“When I went into the inner apartment, I suddenly found the night-soil to be in a semi-fluid state—almost everywhere in heaps—and it was flowing through the opening in the wall in the outer room. I began to wonder where to go.
“In the inner room the night-soil was in such great heaps that a person going in would have been drowned. I began to wonder as to who might have passed all that night-soil and why nobody ever cleaned that place. I wondered if I had come to a public latrine, and I wondered why the whole thing started flowing out like that.
“I went into the outer room and sat down to relieve myself and noticed how my night-soil and that which flowed out from the inner room merged and became one. I began to shift here and there—by then my feet and buttocks were smeared with night-soil.
“There was, however, no stink or any flies. Was it purified night-soil or what? It was not scented either. In a short while the outer room was filled with it. There was not an inch of space without it to stand on. I began to wonder where it was all coming from, and in that state I woke up.” – The Talks of Sadguru-Baba Maharaja, Volume II, Part B
Upasani’s dream continued the next day. He had fallen asleep while prayers were being dedicated to Him by His followers. He later explained that a lady wearing marks of Saubhagya entered the hut. (These days, the most recognizable mark of Saubhagya is the red dot seen on the forehead of married Hindu women). He described the appearance of the woman saying;
“She looked a simple decent woman—neither very pretty nor very well-dressed. She wore no ornaments.”
Upasani recounts their conversation that I will recall here without quotation marks:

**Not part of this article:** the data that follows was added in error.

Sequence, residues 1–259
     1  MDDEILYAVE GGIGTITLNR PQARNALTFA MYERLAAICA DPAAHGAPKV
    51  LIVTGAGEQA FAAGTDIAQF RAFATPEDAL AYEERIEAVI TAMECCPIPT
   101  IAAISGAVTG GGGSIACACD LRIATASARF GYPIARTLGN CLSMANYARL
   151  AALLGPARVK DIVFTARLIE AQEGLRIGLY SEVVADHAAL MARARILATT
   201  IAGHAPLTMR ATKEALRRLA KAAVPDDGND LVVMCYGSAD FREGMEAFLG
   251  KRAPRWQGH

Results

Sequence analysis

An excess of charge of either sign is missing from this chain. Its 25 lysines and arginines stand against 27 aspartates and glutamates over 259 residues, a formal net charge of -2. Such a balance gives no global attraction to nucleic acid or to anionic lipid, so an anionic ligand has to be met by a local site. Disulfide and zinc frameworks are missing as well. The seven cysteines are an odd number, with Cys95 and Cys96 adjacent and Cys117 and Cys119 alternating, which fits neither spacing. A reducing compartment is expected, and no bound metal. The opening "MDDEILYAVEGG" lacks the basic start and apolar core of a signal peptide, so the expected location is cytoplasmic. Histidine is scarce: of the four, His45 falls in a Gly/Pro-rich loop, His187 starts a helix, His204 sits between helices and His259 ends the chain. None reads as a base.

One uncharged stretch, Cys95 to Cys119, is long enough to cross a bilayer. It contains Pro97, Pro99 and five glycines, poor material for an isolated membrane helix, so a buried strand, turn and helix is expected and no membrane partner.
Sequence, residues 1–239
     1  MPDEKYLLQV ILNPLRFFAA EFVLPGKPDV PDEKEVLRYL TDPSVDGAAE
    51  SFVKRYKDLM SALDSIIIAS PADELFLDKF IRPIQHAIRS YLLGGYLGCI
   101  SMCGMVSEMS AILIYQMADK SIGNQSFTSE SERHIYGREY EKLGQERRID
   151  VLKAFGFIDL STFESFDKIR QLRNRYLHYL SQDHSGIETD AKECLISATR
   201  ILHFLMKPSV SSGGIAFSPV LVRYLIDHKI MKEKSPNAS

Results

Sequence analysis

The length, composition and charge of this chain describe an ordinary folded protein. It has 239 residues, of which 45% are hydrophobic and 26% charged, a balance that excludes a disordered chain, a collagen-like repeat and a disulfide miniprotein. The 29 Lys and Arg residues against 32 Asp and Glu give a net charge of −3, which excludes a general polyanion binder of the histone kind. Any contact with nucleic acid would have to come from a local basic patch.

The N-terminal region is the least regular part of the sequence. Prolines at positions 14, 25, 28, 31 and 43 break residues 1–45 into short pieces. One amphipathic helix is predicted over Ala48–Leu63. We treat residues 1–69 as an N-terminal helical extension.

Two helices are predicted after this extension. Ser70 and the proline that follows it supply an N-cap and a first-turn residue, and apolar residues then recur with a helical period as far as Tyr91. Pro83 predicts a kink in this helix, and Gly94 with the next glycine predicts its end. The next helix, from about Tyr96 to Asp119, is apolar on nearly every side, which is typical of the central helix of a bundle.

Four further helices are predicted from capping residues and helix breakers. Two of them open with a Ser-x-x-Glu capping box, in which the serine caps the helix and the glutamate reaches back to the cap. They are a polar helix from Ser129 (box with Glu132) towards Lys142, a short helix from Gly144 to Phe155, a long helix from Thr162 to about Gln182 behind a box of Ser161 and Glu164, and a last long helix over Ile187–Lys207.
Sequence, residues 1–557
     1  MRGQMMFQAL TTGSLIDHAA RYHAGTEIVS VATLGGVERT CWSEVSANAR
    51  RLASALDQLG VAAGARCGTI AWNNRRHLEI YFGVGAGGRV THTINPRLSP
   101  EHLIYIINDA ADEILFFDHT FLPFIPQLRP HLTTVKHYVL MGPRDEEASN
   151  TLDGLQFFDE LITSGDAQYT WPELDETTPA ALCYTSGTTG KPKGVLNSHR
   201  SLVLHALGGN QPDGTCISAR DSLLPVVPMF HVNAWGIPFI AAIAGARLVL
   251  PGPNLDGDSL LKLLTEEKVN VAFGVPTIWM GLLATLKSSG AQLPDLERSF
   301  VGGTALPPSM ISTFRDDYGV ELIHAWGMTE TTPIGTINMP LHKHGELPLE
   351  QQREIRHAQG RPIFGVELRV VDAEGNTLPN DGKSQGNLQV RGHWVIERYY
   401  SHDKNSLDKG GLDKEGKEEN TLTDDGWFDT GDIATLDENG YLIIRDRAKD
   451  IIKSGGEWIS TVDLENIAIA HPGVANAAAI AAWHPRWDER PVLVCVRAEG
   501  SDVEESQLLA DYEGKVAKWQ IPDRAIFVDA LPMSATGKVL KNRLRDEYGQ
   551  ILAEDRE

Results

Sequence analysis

I – Who are you?
She – Have you not recognized me? Yesterday I visited you.
I – You are the same, is it?
She – I am the same; I was flowing out of that inner room.
I – What!
She – You were coming in and I was coming out.
I – Night-soil?
She – Yes.
I – Oh, you are dirty—unholy—you soaked me in.
She – Yesterday I came in that form, but today, I have come in this form.
I – I have not recognized you.
She – I am the Ganga.
I – It was you who was flowing yesterday?
She – Yes.
I – Are you night-soil?
She – That is my true form.
I – I have seen many a time heaps of night-soil.
She – I was all that.
I – I see; that is why there was no smell or flies.
She – Yes; I am that.
Necklace adorning the worlds!
Banner rising to heaven!
I ask that I may leave of this body on your banks,
Drinking your water, rolling in your waves,
Remembering your name, bestowing my gaze upon you.” – Gangashtakam
The Ganga, also called the Ganges, is a river whose journey begins high in the Himalayas. Fed by numerous rivers and streams, it winds through India and Bangladesh and empties into the sea at the Bay of Bengal. Like all rivers, it can be seen as part of a larger closed circuit of earth and water, sea and sky. The river is considered sacred and for thousands of years devotees have bathed in it, washed in it, worshipped it, and dumped in it. But this description is only part of a greater story…